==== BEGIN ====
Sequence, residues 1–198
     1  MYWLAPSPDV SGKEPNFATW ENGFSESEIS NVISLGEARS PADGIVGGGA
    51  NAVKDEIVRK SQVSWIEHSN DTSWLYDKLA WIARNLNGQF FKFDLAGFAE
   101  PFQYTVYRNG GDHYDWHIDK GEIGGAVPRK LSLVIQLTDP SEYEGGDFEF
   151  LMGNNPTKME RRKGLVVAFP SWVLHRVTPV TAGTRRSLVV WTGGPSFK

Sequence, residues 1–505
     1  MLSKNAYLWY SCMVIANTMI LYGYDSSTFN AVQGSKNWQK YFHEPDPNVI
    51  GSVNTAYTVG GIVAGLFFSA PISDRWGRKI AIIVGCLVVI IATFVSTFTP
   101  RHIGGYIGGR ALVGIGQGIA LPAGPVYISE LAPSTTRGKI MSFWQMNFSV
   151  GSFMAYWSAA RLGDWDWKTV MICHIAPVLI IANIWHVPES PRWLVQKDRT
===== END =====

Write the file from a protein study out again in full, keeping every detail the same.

Sequence, residues 1–198
     1  MYWLAPSPDV SGKEPNFATW ENGFSESEIS NVISLGEARS PADGIVGGGA
    51  NAVKDEIVRK SQVSWIEHSN DTSWLYDKLA WIARNLNGQF FKFDLAGFAE
   101  PFQYTVYRNG GDHYDWHIDK GEIGGAVPRK LSLVIQLTDP SEYEGGDFEF
   151  LMGNNPTKME RRKGLVVAFP SWVLHRVTPV TAGTRRSLVV WTGGPSFK

Sequence, residues 1–505
     1  MLSKNAYLWY SCMVIANTMI LYGYDSSTFN AVQGSKNWQK YFHEPDPNVI
    51  GSVNTAYTVG GIVAGLFFSA PISDRWGRKI AIIVGCLVVI IATFVSTFTP
   101  RHIGGYIGGR ALVGIGQGIA LPAGPVYISE LAPSTTRGKI MSFWQMNFSV
   151  GSFMAYWSAA RLGDWDWKTV MICHIAPVLI IANIWHVPES PRWLVQKDRT